Enlisting For BMT Changed My Mind About Migrating From Singapore, Too
This piece is part of MS Speaks, a segment in which MS News reporters share their honest views on current affairs and trending topics.
Even though I’ve lived in Singapore for all 20 years of my life, I had never truly felt a sense of belonging.
As I saw Singapore’s transformation into a modern garden city, one thing was weighing my mind down.
I had difficulties getting attached to a place that was constantly changing, and regularly ridding herself of the old things I used to hold dear in my childhood.
I bade farewell to the grass field near my grandma’s house when it turned into a towering condominium, and the old-school provision shop that smelled of dried shrimp, which made way for a convenience store.
When I was 5
Having to grapple with so many changes in my childhood, it was hard for me to reconcile the idea of home with a place that was evolving so much.
That was until I decided to make one of the most polarising decisions of my life — signing on with the Singapore Armed Forces (SAF).
Mama (left) and Papa Ng (right), who were there for me 24/7
And it was one of the best choices I’ve ever made in my life so far.
I was called “crazy” after voluntarily enlisting for BMT
Naturally, when people found out what I did, they called me “crazy”.
Many of them thought I probably wouldn’t even make it through Basic Military Training (BMT) as they poked fun at my chopstick-esque arms.
A part of me thought I was absolutely insane too, but I did it anyway.
I believe every experience has a takeaway regardless of the experience itself.
And one of the lessons I got from my time in BMT was a sense of belonging for Singapore I had never felt before.
Talking about BMT brings people together
Singaporeans should be no strangers to botak NS boys complaining about things that they have to “endure” in camp.
This mandatory experience for all males in Singapore, is actually one that unites us.
Spot me among my batch mates as we do the BMT roar
Many of my guy friends at the time were shoulder-deep in games like Defence of the Ancients (DOTA) or football — neither were activities I could relate with.
However, when the first wave of enlistees in my batch hit, all they could talk about was army army army.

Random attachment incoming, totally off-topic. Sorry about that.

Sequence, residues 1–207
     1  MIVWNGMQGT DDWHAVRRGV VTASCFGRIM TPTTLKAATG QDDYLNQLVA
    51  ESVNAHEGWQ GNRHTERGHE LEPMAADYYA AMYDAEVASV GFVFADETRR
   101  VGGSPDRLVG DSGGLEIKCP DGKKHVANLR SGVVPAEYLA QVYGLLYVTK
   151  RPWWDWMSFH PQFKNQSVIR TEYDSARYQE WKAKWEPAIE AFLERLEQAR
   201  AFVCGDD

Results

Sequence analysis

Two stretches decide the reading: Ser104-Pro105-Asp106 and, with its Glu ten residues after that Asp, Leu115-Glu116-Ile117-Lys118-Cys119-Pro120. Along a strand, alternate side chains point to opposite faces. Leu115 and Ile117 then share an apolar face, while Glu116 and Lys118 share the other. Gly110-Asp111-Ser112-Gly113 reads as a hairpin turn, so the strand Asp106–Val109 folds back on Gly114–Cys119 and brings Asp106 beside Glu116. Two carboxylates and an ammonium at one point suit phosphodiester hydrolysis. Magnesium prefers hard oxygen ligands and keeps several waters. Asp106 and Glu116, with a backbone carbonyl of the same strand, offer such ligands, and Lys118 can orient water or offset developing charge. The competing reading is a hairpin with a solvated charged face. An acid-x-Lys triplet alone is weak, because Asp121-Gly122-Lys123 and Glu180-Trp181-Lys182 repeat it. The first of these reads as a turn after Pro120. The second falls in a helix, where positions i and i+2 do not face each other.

My bros and I during Passing Out Parade
Only difference? I was one of them now. I realised this more than ever when I got to meet new people during university orientations.
Once army experiences were brought up, it feels like I’ve known the person for years, even though I knew nothing about them at all. The conversation segued from awkward to comfortable right away.
Even for girls who often confused Corporals (CPL) and Colonels (COL), I can now bring them into the conversation by explaining things from a female’s point of view.
There’s a sense of belonging in that that I can’t really explain, but a feeling I know many of you may feel as well.
Changed my mind about migrating
So strong is this sense of belonging, that it has changed what I think about leaving Singapore too.
When I was younger, I was hellbent on migrating because the idea of settling down in other countries was always so novel and attractive to me.
A film shot of one of my favourite places in the world — New York city
My time in BMT, however, turned that around quite a fair bit.
Prolonged periods of time away from home and limited time with my loved ones were the norm for me — and many others too I’m sure.
Even though I’ve always regarded myself as independent and being capable of living away from family for long periods of time, being stuck in camp made me miss home terribly.
My family who supported me through it all
So if I couldn’t even tahan being on a different side of the country as my family for a while, how was I supposed to leave my home and migrate for real?
Singapore is truly my home
From the time I’ve graduated JC till now, I’d like to think I’ve matured a fair bit — and I attribute it to my time in the force.
Perhaps this personal growth is expected from people who go through this experience, but what I never expected is to come out with a newfound sense of belonging for this country.
Friends who stuck by me during my highs and lows
Now when someone asks if I feel at home in Singapore, I will no longer greet the question with a pause and uncertain grin.
I can say it out loudly and proudly, that yes, Singapore is home, truly, and it is where I belong.
All images courtesy of writer unless stated otherwise.
Featured image courtesy of writer.
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